10. March 24, Patriot Ledger – (Massachusetts) 3 South Shore banks robbed hours apart Tuesday. In the most brazen of three South Shore, Massachusetts, daylight bank robberies on March 23, a man threatened to detonate explosives taped to his chest and then left a trail of money as he fled, Rockland police said. The robberies were reported within about four hours and 16 miles of each other. The first occurred about noon in Stoughton at the South Shore Savings Bank branch at 1538 Turnpike St. Police said a white man who appeared to be in his late 20s passed a note to a teller demanding cash. He escaped on foot. The robber wore a white hooded sweatshirt and white baseball cap. Police said he was armed but they declined to reveal the kind of weapon he had. In Rockland at about 3:30 p.m., employees at South Coastal Bank, 279 Union St. told investigators a 6-foot-tall white man in a gray hooded sweatshirt threatened to detonate an explosive if his demands for money were not met. A Rockland police search dog team tracked the robber a short distance to Blanchard Street where he may have fled in a small gray vehicle, police said. Half an hour later, a Rockland Trust branch in Hanover was robbed, a Rockland police dispatcher said. Hanover police said a man in his 20s wearing a light-colored sweatshirt robbed the branch on Columbia Road about 4:30 p.m. and made off with an undetermined amount of cash. The robber did not show a weapon. Source:

11. March 24, WRIC 8 Richmond – (Virginia) Security breach in some Union First National bank accounts. Some Union First Market Bank customers are upset after learning their private account information is accessible to other customers. Bank administrators say when online bill-pay accounts were transferred from First Market Bank to Union First Market Bank over the weekend, a bad file containing information of around 1000 customers was sent. That data is now accessible to some other customers. Union First Market Bank says it’s working to fix the problem. The CEO says the bank will offer credit checks and identity theft protection to customers impacted by the problem. Administrators hope to be back online with all information secure by March 24. Source:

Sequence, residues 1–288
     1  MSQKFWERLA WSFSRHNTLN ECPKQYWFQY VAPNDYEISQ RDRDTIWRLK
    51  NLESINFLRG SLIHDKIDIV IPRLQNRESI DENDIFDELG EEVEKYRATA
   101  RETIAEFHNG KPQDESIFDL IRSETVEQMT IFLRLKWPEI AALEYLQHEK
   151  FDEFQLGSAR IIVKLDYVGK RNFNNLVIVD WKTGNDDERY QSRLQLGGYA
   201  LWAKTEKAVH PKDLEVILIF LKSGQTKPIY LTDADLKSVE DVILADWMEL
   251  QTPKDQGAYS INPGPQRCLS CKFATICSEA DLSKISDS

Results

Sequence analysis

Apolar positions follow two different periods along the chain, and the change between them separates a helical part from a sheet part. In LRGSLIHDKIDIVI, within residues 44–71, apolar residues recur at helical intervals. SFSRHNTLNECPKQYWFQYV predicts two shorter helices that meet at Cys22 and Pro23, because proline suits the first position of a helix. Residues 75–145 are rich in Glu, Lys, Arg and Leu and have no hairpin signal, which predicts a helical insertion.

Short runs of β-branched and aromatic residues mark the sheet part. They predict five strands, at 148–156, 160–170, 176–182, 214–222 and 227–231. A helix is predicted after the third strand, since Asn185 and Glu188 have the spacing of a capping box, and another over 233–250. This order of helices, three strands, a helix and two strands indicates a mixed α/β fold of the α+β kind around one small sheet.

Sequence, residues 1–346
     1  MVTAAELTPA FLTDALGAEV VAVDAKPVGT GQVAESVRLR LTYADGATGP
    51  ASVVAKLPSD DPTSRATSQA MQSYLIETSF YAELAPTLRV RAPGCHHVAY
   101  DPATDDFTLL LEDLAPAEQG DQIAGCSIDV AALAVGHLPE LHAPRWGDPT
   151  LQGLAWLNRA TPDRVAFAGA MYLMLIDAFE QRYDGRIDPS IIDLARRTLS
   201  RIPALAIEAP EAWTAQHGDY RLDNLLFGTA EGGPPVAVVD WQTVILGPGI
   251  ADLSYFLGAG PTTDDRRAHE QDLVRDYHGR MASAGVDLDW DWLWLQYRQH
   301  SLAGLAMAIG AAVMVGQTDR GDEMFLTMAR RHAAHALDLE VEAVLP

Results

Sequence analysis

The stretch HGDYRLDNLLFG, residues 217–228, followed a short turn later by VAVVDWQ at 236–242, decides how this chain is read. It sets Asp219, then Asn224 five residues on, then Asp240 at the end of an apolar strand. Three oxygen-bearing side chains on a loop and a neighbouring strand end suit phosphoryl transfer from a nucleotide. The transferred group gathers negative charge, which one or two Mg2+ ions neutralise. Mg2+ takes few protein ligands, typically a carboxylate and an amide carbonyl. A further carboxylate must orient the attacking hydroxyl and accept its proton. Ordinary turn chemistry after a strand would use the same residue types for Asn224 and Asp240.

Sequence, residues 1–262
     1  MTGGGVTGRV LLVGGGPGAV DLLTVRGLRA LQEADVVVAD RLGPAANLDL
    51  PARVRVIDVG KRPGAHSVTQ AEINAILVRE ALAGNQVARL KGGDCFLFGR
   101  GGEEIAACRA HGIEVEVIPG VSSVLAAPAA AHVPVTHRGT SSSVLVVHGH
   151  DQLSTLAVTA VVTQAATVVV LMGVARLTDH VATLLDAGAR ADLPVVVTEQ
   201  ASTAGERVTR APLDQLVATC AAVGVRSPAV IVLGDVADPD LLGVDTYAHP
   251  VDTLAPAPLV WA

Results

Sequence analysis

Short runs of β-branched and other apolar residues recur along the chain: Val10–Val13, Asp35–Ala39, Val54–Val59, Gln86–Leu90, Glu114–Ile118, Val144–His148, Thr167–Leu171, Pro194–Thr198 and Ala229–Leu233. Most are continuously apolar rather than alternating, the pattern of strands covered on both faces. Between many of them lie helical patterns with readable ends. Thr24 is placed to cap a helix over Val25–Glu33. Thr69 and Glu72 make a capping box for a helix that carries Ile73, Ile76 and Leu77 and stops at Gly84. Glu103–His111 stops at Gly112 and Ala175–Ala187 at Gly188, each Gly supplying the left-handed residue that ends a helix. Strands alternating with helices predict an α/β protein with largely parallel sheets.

12. March 24, Middletown Times Herald Record – (New York) Card-skimmer suspect still at large, cops say. Village of Goshen investigators are still trying to find a woman who installed a skimming device and hidden camera on an ATM at the West Main Street branch of Bank of America in December. She returned late at night on December 12 and 13 to remove the devices after numerous customers used the machine. Bank customers began reporting unauthorized withdrawals from their accounts made between February 25 and March 2 at ATMs in New York City and Chicago. At least 37 Bank of America customers, the majority of them Goshen residents, had more than $25,000 in all stolen from their accounts. Goshen’s village police chief said law enforcement agencies believe the woman is part of a two-person team hitting ATMs all over for almost a year. And the number of local banks targeted by the ring might be much larger than previously known. Source: